The head of the Eswatini Olympics and Commonwealth Games Association (EOCGA), Adam Mthethwa, announced an eight-member Tokyo Olympics team.
“We’re happy to inform the nation that a number of athletes have qualified to participate and compete at the Games and as such the EOCGA will be sending a team to represent the country in Japan,” he said. “We are confident that the athletes will do the country proud. It is worth noting that this is the biggest team we are sending to the Olympics in a long time.”
Mthethwa said the International Olympic Committee (IOC) and the government of Japan introduced stringent coronavirus countermeasure protocols to protect citizens and participating teams.
Part of the protocols addresses the need to minimize crowds and people at any given point during the Games and a staggered arrival and departure schedule.
“Team Eswatini would travel on different dates to and from Tokyo. We’re therefore confident that the team’s itinerary will give them sufficient time to acclimatize and prepare adequately for competing in Japan,” said Mthethwa.
EOCGA Acting Chief Executive Officer, Maxwell Jele, said team Eswatini has benefitted from more than ZAR700,000 ($48,500) from the International Olympics Committee to cover expenses for the Games.
“All expenses for the trip will be catered for by the funds from the organizing committee. These include traveling expenses, preparation before games, training camp, uniform, meals and allowances while accommodation will be catered for by the host city Tokyo,” he said.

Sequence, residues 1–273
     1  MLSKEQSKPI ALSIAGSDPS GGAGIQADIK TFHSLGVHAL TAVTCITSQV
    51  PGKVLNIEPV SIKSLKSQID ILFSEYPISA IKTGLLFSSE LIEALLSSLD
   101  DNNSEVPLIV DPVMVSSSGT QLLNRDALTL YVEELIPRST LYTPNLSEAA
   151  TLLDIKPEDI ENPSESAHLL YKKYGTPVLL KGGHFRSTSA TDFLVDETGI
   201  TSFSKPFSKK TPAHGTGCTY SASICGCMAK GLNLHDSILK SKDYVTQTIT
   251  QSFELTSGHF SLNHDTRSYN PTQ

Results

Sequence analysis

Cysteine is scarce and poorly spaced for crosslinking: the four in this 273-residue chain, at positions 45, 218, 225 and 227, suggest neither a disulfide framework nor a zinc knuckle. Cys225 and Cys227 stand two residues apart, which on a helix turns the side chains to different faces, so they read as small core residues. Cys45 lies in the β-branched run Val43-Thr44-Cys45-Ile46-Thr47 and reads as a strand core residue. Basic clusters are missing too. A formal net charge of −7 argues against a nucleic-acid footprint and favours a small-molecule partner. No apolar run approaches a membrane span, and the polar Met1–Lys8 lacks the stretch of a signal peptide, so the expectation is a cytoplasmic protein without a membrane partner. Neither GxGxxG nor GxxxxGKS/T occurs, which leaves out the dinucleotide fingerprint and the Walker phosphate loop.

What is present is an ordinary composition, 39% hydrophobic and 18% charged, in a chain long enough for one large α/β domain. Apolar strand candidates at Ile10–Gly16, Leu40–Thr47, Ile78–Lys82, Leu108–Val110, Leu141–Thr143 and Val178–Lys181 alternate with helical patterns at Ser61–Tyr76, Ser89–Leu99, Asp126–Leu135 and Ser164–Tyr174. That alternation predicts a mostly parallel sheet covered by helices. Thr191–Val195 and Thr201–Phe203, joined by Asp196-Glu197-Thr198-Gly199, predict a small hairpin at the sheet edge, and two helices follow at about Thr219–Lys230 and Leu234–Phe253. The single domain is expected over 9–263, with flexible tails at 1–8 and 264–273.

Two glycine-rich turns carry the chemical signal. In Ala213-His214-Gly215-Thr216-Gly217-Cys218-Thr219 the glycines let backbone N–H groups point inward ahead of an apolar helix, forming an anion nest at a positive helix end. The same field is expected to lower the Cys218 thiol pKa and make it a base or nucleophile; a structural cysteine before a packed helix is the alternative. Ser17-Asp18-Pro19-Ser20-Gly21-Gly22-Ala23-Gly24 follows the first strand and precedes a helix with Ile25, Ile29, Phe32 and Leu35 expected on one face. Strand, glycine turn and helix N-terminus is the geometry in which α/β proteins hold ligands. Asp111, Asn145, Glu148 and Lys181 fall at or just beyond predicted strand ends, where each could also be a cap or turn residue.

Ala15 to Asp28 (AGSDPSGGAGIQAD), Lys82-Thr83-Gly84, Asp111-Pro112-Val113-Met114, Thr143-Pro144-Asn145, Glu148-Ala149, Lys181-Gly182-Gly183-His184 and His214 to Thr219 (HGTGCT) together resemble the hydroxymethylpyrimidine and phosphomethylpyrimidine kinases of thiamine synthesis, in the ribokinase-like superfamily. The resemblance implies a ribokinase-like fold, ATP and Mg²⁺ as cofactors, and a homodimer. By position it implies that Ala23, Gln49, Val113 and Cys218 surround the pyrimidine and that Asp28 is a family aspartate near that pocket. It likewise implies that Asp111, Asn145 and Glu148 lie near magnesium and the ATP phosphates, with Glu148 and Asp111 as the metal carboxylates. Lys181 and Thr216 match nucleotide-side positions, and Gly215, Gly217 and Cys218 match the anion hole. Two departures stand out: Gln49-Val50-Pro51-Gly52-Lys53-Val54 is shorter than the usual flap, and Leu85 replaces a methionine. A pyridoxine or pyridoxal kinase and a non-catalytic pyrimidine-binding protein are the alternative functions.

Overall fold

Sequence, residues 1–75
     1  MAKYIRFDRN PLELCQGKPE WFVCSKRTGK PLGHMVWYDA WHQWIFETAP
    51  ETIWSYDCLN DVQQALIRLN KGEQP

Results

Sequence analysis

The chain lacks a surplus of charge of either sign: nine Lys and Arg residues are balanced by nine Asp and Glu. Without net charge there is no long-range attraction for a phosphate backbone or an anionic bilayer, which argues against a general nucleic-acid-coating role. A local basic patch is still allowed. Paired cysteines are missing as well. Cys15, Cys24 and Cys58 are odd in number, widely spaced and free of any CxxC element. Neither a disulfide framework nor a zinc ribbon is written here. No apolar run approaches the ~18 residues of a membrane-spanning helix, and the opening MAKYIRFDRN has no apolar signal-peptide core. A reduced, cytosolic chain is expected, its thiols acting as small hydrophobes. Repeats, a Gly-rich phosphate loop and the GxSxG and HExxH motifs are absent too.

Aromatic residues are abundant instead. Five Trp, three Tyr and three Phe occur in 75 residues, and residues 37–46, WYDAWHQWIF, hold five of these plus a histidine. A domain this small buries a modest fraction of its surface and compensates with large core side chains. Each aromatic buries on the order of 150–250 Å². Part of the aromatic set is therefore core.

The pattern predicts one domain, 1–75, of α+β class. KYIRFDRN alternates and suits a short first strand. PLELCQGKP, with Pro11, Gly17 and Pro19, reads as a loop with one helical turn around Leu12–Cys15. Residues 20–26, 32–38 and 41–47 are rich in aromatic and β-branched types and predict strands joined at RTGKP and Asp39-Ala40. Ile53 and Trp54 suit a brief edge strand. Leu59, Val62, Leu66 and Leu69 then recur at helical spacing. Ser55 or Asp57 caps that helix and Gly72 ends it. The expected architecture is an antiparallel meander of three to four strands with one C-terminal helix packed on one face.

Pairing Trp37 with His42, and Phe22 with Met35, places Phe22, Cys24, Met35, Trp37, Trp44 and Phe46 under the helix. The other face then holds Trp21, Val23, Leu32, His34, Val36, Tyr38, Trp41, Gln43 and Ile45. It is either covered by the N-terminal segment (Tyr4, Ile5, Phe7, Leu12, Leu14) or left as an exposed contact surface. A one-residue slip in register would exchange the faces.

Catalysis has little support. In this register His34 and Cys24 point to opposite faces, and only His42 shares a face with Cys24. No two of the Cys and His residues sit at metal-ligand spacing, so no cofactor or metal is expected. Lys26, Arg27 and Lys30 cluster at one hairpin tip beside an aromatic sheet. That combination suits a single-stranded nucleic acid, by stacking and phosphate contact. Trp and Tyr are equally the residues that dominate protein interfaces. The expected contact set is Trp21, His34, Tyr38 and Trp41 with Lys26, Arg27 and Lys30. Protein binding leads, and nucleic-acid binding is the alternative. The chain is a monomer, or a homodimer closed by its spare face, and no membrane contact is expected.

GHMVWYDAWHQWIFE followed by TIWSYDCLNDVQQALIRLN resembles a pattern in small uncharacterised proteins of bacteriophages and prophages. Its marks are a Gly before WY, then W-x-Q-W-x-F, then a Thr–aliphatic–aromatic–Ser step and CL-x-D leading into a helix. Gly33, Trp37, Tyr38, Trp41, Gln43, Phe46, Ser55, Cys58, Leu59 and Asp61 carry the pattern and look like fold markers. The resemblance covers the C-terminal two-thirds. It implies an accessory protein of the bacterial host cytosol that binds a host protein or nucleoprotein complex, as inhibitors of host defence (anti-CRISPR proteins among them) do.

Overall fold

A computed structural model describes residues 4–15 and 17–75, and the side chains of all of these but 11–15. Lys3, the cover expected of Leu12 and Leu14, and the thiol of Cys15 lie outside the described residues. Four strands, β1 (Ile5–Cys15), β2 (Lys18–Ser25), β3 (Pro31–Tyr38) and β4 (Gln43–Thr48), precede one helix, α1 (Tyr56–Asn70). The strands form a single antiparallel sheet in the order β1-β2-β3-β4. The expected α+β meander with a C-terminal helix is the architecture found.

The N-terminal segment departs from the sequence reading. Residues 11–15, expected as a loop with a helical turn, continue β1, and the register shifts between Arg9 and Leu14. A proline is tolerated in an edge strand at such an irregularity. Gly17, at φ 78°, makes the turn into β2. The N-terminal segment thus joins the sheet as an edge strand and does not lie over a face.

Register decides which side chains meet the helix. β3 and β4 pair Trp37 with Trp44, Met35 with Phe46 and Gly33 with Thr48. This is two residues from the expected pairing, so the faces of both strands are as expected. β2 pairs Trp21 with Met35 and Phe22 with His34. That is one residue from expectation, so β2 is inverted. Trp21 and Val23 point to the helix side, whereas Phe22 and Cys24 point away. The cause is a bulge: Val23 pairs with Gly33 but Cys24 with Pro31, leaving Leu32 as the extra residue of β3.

Sprinter Sibusiso Matsenjwa promised to do his best against the world’s best.
“I don’t want to make promises, the competition will be tough but I will compete effectively. I hope to acclimatize quickly. I am working hard with my coach,” said Matsenjwa.
Eswatini has never won a medal at the Olympics and Matsenjwa attributed that fact to a lack of professionalization in sports in the kingdom.
“It is a combination of factors but the sport should be fully professional and have a lot of incentives. As an athlete, I shouldn’t consider my government job more important and secure than my sports career. Otherwise, it will be difficult to compete in such prestigious global competitions,” he said.
Matsenjwa said youth development is important for the kingdom to spot and groom talent at a young age.
“I gained international exposure when I was 18 years but my contemporaries in developed countries might have been exposed to professional athletics as early as the age of 7 to 8 years,” he said.
“That’s a huge difference as a Swazi coming from a rural background. That’s why when I retire from the international competitions; my objective is to groom young talent. Of cause, make good use of international connections I have built over the years. I’ll expose the youngsters to professional competitions and training,” he added.
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